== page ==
History

Buried in the Bitter Waters

The Hidden History of Racial Cleansing in America

Author: Elliot Jaspin

Publisher: Basic Books

ISBN: 0786721979

Category: History

Page: 416

View: 1931

“Leave now, or die!” Those words-or ones just as ominous-have echoed through the past hundred years of American history, heralding a very unnatural disaster-a wave of racial cleansing that wiped out or drove away black populations from counties across the nation. While we have long known about horrific episodes of lynching in the South, this story of racial cleansing has remained almost entirely unknown. These expulsions, always swift and often violent, were extraordinarily widespread in the period between Reconstruction and the Depression era. In the heart of the Midwest and the Deep South, whites rose up in rage, fear, and resentment to lash out at local blacks. They burned and killed indiscriminately, sweeping entire counties clear of blacks to make them racially “pure.” Many of these counties remain virtually all-white to this day. In Buried in the Bitter Waters, Pulitzer Prize-winning journalist Elliot Jaspin exposes a deeply shameful chapter in the nation's history-and one that continues to shape the geography of race in America.
History

Buried in the Bitter Waters

The Hidden History of Racial Cleansing in America

Author: Elliot Jaspin

Publisher: Basic Books (AZ)

ISBN: 0465036376

Category: History

Page: 341

View: 1112

Discusses twelve cases in which racial cleansing emptied entire counties of African Americans from 1864 to 1923.
History

Buried in the Bitter Waters

The Hidden History of Racial Cleansing in America

Author: Elliot Jaspin

Publisher: Hachette UK

ISBN: 0786721979

Category: History

Page: 416

View: 3617

“Leave now, or die!” Those words-or ones just as ominous-have echoed through the past hundred years of American history, heralding a very unnatural disaster-a wave of racial cleansing that wiped out or drove away black populations from counties across the nation. While we have long known about horrific episodes of lynching in the South, this story of racial cleansing has remained almost entirely unknown. These expulsions, always swift and often violent, were extraordinarily widespread in the period between Reconstruction and the Depression era. In the heart of the Midwest and the Deep South, whites rose up in rage, fear, and resentment to lash out at local blacks. They burned and killed indiscriminately, sweeping entire counties clear of blacks to make them racially “pure.” Many of these counties remain virtually all-white to this day. In Buried in the Bitter Waters, Pulitzer Prize-winning journalist Elliot Jaspin exposes a deeply shameful chapter in the nation's history-and one that continues to shape the geography of race in America.
History

Racial Cleansing in Arkansas, 1883–1924

Politics, Land, Labor, and Criminality

Author: Guy Lancaster

Publisher: Lexington Books

ISBN: 0739195484

Category: History

Page: 186

View: 1264

Racial Cleansing in Arkansas, 1883–1924: Politics, Land, Labor, and Criminality constitutes the first examination of racial cleansing within a particular state, placing Arkansas’s record of exclusionary racial violence within the context of the state’s political developments, as well as the context of the broader body of ethnic conflict studies.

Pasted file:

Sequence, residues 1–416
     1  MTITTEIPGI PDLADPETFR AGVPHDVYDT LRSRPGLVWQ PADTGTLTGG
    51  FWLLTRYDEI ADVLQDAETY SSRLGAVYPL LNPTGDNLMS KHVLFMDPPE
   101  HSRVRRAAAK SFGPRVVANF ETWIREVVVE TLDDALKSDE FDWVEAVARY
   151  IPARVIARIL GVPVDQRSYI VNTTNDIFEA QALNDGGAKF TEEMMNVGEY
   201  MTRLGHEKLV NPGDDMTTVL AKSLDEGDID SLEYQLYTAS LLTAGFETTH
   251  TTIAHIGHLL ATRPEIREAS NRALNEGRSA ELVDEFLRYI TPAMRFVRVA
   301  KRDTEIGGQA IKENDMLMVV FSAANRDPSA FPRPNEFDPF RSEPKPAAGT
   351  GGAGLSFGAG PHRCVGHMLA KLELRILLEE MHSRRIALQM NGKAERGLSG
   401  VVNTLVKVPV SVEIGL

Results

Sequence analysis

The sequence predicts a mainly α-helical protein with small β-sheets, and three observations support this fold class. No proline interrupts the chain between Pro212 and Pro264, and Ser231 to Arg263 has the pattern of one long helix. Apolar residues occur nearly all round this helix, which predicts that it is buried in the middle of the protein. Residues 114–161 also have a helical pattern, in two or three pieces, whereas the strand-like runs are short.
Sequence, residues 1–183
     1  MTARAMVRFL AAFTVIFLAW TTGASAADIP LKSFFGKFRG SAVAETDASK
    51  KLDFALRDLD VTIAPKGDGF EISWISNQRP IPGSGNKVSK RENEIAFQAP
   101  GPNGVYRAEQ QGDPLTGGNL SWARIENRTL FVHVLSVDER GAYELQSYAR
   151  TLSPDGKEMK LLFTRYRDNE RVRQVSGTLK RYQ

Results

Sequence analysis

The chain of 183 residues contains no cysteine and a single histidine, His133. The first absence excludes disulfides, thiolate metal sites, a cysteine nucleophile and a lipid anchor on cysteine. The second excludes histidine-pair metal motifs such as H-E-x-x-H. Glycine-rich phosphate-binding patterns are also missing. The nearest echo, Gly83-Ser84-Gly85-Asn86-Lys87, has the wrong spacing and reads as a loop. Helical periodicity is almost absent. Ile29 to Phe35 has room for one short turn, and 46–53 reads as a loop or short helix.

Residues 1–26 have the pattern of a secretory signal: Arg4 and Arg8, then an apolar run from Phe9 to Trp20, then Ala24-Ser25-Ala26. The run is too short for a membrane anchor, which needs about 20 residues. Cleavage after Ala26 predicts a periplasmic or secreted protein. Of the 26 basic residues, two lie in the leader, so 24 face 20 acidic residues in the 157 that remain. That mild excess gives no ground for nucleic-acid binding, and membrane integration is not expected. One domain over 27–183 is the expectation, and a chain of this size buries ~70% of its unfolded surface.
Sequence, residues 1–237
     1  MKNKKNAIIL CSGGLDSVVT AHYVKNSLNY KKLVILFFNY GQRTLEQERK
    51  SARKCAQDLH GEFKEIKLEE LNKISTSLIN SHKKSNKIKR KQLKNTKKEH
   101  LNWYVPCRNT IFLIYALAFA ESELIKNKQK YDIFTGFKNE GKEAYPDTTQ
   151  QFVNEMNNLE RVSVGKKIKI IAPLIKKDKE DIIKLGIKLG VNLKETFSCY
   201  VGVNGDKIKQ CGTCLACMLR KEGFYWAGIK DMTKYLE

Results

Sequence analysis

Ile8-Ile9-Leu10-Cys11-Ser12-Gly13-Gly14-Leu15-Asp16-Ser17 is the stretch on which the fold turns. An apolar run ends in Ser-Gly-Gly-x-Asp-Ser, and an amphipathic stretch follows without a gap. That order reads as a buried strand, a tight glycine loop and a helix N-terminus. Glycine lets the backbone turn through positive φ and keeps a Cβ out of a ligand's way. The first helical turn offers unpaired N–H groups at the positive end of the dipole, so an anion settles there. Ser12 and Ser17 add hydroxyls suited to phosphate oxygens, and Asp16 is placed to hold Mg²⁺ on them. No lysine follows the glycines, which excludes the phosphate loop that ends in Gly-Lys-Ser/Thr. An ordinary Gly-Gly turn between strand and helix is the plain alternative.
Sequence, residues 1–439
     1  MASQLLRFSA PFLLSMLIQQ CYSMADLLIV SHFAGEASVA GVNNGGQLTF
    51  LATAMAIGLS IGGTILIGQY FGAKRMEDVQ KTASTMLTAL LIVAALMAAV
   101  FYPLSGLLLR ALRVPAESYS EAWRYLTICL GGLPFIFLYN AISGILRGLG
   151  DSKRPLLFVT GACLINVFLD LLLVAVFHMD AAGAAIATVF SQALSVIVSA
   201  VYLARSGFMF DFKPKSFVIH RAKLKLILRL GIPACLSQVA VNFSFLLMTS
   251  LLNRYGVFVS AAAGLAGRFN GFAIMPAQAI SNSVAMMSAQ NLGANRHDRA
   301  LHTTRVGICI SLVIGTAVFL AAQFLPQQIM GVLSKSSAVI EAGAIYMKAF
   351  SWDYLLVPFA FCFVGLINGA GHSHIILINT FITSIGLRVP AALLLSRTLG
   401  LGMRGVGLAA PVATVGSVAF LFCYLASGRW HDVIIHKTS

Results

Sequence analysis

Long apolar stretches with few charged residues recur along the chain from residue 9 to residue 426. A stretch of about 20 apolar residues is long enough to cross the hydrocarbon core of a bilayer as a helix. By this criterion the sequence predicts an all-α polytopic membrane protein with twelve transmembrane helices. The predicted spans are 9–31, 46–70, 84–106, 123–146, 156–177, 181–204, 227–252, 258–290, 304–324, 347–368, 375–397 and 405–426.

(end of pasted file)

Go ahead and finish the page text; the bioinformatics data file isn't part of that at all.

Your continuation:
True Crime

Blood in the Snow

The True Story of a Stay-at-Home Dad, His High-Powered Wife, and the Jealousy that Drove Him to Murder

Author: Tom Henderson

Publisher: Macmillan

ISBN: 9780312948122

Category: True Crime

Page: 346

View: 6251

Describes how stay-at-home father Stephen Grant murdered his wife, Tara, dismembered her, and buried her in the woods, then reported her missing and participated in a frantic, emotional search for her before the truth came out.
History

Street Justice

A History of Police Violence in New York City

Author: Marilynn S. Johnson

Publisher: Beacon Press

ISBN: 9780807050231

Category: History

Page: 365

View: 8692

A professor of history at Boston college unravels the cycles of police brutality and subsequent reform movements within the history of New York City, beginning with the foundation of the NYPD in 1845 and concluding in the present. Reprint.
History

The Bitter Waters of Medicine Creek

A Tragic Clash Between White and Native America

Author: Richard Kluger

Publisher: Vintage

ISBN: 0307388964

Category: History

Page: 330

View: 2561

From a Pulitzer Prize-winner comes the riveting story of a brutal confrontation between Native Americans and white settlers, a harrowing drama that unfolded in the new, idyllic Washington Territory in 1853.
Fiction

The Glass Lake

A Novel

Author: Maeve Binchy

Publisher: Dell

ISBN: 9780440337645

Category: Fiction

Page: 768

View: 9972

An incandescent novel of love, obsession, and the secrets that take root in the human heart, by the author of The Copper Beech and Circle Of Friends. Lough Glass is at the heart and soul of the namesake town clinging to its shore. They say that if you go out on St. Agnes' Eve and look into the lake at sunset you can see your future. But beneath its serene surface, the lake harbors secrets as dark and unfathomable as the beautiful woman who night after night walks beside its waters. Lough Glass is home to Kit McMahon, in a way it will never be to her lovely mother, Helen, who does not fit in with the ways of the people of Lough Glass, and who found an unlikely mate in the genial pharmacist Martin McMahon. Kit adores her mother, but can't escape the picture of her, alone at the kitchen table, tears streaming down her face... or walking alone by the glass lake. Then one terrible night Martin's boat is found drifting upside down in the lake. The night Helen is lost. The night Kit discovers a letter on Martin's pillow and burns it, unopened, in the grate. The night everything changes forever. From the Hardcover edition.